August 7, 2006, Peabody, Mass. -- A new technical paper describes the use of direct analysis in real time (AccuTOF-DART™) mass spectrometry for writing ink analysis performed for forensic applications.
Analysis of writing inks to authenticate documents is described in the Journal of Forensic Science, July 2006, Vol. 51, No. 4, pages 915-918 in “Differentiating Writing Inks Using Direct Analysis in Real Time Mass Spectrometry.” Authored by Drs. Roger Jones and John McClelland of the Institute for Physical Research and Technology, Iowa State University, and Dr. Robert Cody of JEOL USA, Inc., the paper describes methods for rapid, non-invasive, in situ analysis of forty-three writing inks on paper without visible alteration of the documents.
Identification of inks provides information that is helpful in identifying whether a document is real or fraudulent. In contrast with traditional mass spectrometric methods of ink analysis that require removal of material from the document, DART™ analysis can be carried out on the intact document. In addition, the DART technique characterizes inks by detecting dyes as well as additives and carriers, providing more complete information about the ink composition than techniques that detect only dyes. The article shows that individual ink compositions produce “fingerprint” DART mass spectra that can be rapidly identified by searching against a user-generated library database.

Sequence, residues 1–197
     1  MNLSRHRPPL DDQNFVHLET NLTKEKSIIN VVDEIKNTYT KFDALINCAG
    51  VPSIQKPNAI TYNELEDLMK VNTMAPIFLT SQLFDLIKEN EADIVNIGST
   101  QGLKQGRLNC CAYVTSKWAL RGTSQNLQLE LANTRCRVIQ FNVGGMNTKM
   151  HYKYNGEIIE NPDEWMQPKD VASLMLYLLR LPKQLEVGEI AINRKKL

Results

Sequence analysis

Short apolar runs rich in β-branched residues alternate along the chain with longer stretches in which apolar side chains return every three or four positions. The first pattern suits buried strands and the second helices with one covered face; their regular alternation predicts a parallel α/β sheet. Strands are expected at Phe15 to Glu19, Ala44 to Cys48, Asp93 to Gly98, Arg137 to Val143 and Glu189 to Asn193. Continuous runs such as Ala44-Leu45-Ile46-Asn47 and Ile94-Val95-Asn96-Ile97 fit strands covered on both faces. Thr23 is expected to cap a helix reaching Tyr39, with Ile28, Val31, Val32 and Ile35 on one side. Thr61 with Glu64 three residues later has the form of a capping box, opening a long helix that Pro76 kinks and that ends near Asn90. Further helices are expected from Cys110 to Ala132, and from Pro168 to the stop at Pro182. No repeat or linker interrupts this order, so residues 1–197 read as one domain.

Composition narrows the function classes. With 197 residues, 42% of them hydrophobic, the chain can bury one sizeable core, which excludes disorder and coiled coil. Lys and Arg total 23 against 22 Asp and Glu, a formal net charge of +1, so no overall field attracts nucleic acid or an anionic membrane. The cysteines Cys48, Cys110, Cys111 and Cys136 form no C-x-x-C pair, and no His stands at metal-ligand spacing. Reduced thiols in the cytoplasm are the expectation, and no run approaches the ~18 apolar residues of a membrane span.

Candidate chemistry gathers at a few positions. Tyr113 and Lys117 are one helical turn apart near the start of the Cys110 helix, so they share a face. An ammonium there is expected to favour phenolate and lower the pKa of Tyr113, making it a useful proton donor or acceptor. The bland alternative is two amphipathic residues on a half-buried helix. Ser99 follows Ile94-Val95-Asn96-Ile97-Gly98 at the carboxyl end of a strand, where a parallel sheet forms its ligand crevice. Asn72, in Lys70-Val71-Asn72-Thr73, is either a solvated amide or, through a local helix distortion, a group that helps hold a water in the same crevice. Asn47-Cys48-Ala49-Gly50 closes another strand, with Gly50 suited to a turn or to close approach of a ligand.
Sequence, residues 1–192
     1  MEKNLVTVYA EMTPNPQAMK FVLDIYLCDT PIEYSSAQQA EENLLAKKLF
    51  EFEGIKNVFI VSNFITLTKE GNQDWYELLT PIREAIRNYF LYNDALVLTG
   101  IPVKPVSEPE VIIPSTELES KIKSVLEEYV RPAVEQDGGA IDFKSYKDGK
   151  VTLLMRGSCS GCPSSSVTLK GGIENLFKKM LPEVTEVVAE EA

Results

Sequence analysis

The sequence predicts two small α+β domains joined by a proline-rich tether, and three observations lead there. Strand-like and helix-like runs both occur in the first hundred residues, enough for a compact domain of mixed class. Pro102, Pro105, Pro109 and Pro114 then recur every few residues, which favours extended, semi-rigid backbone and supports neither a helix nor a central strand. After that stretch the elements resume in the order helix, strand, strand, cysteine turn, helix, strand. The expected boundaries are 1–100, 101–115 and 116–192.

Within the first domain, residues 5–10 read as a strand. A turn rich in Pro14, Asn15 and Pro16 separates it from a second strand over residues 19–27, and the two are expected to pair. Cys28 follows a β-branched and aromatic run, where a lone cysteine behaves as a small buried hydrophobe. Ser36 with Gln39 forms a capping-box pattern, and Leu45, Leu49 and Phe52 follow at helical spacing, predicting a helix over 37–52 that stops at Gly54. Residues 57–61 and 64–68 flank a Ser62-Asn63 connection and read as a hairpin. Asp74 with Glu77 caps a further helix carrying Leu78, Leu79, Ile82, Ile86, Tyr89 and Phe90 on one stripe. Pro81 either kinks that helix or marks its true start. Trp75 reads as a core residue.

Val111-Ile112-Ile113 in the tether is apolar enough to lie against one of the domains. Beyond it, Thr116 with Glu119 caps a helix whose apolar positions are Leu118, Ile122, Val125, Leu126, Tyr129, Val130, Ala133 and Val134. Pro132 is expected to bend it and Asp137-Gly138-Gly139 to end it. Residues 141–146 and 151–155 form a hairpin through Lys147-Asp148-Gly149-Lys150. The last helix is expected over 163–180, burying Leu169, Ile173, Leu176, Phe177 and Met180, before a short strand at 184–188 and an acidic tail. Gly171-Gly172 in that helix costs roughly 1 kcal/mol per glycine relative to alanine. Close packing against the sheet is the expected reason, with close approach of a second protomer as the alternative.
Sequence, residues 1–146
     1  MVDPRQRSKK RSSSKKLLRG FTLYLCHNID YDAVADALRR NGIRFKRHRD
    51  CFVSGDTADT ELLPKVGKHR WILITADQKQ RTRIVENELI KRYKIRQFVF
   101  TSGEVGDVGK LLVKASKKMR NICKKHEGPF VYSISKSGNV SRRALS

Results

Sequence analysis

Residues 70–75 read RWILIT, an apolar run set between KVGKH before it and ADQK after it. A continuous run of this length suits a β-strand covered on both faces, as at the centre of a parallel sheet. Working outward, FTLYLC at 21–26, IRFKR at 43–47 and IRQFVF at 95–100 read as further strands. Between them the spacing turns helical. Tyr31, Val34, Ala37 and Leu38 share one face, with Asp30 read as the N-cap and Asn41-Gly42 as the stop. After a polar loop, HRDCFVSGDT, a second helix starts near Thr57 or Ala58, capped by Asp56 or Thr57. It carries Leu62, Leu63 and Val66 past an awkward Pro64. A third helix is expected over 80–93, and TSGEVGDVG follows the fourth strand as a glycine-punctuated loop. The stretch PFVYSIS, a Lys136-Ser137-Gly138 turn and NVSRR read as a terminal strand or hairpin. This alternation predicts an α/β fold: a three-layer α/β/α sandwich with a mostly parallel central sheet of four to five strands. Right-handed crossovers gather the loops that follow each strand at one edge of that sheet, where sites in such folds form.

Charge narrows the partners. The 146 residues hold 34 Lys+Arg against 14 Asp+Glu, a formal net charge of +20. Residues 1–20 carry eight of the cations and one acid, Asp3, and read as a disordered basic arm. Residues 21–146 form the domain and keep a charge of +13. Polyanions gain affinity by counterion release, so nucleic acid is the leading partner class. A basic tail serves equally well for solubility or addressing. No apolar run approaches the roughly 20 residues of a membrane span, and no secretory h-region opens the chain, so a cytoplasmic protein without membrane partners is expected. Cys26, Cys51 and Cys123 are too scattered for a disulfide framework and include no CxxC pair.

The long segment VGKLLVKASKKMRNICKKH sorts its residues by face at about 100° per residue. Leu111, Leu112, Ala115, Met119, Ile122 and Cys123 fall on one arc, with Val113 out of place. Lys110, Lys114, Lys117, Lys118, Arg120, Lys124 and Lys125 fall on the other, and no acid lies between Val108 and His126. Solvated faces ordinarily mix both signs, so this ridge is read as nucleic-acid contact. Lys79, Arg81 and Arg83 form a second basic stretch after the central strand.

DART is a patented, unique ion source offered by JEOL USA for its AccuTOF time-of-flight mass spectrometers to enable direct detection of chemicals on surfaces, in liquids, and in gases without altering the sample state. DART is unique in that samples are analyzed in open air, using no radioactive components, solvent sprays, exposed high voltage, or vacuum.
Since its introduction, DART has gained wide acceptance for forensics, pharmaceuticals, and homeland security applications. The DART was selected by R&D Magazine as one of the 100 most technologically significant products introduced into the marketplace in 2005. In addition to the R&D 100 Award, the DART won the 2005 Pittcon Editors’ Gold Award.